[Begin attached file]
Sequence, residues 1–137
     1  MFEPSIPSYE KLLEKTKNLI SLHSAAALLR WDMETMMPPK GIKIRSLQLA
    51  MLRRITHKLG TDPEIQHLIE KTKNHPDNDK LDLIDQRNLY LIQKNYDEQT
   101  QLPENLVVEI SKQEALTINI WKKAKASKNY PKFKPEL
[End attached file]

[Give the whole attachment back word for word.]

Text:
Sequence, residues 1–137
     1  MFEPSIPSYE KLLEKTKNLI SLHSAAALLR WDMETMMPPK GIKIRSLQLA
    51  MLRRITHKLG TDPEIQHLIE KTKNHPDNDK LDLIDQRNLY LIQKNYDEQT
   101  QLPENLVVEI SKQEALTINI WKKAKASKNY PKFKPEL